Last month, I mentioned a complaint by Providence City Councilman Sam Zurier that the city government had finished the year, not with some of its cumulative deficit paid off as planned, but with an even bigger gap. A chart about midway down this Dan McGowan article on WPRI shows what Zurier meant. McGowan frames the story mainly in terms of mayoral politics:
Their game of finger-pointing had largely played out behind the scenes until this past weekend, when Elorza’s office claimed Taveras’s final budget “relied on a number of one-time fixes that were unrealistic and did not come to bear,” and Taveras fired back that the new administration “should focus on the choices it has made since taking office” to figure out why the city ran a $5-million deficit last year.
“Running a city like Providence is difficult,” Taveras told WPRI.com. “The choices an administration makes on a daily basis certainly have a significant and immediate impact on city finances and our future.”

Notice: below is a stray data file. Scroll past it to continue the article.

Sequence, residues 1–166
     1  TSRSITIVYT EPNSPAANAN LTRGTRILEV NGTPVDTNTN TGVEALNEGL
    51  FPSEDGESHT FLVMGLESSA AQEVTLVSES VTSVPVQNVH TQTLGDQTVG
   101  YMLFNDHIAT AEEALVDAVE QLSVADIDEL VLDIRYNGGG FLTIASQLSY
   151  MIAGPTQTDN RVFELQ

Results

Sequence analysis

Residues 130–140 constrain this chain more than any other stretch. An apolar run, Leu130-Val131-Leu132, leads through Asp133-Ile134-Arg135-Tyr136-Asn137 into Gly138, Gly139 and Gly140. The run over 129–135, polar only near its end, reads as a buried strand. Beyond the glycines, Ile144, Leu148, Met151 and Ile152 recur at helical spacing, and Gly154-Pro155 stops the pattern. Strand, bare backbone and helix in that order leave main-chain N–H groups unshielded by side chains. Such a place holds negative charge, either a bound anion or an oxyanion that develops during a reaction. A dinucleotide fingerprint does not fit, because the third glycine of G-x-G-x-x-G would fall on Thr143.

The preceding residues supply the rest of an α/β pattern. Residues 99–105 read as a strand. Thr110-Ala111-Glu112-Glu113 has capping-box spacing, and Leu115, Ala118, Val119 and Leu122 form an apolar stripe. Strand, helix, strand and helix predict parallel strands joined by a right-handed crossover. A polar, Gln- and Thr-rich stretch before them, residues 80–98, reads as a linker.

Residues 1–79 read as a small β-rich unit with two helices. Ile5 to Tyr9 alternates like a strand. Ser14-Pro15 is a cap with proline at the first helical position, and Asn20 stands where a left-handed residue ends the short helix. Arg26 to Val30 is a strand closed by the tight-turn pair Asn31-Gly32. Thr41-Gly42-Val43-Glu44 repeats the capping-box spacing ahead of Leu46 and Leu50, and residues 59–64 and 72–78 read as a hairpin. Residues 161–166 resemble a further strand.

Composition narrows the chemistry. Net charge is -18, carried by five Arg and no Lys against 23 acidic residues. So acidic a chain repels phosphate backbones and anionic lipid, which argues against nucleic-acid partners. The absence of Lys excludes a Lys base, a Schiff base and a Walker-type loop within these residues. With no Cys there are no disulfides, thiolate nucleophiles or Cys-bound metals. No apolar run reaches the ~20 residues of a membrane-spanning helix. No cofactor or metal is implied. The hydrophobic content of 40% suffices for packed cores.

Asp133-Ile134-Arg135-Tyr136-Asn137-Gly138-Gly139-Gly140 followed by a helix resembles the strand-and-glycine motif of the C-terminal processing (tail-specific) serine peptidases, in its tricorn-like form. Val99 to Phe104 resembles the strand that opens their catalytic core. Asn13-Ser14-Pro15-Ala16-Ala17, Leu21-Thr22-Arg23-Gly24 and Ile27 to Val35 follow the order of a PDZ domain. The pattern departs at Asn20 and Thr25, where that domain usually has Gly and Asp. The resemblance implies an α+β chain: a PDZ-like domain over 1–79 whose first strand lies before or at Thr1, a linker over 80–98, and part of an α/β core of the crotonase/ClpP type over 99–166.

Frankly, I’m still not sure what there was in the backgrounds of any of the last three mayors that would lead people to expect them to be able to run a city the size of Providence. It’s as if voters believe that a mixture of bureaucracy and politics will ensure that a city runs well, leaving them free to vote for mayors based on irrelevant social policies or identity group affiliation.
Ted Nesi tweeted McGowan’s chart with the warning that the city has “zero room for error.” A recession (or any number of possible calamities or probable economic shifts) will simply overwhelm the city budget.
Providence isn’t alone in this problem. Our nation has been running on debt for three-quarters of a century, and for at least the past decade, any recovery Rhode Island has experienced has basically been built on dubious assumptions about the future, from pensions to the economy to government wisdom. We make it from year to year just barely pushing the reckoning off into the future.
This won’t last. Perhaps next year, perhaps next decade, we’ll all be wondering how we missed the signs. The only relevant question, though, will be whether the pain and the promise of more will be enough — will be obvious enough — that the need to resolve our philosophical inconsistencies and political superficiality will overwhelm the urge for narrow self preservation.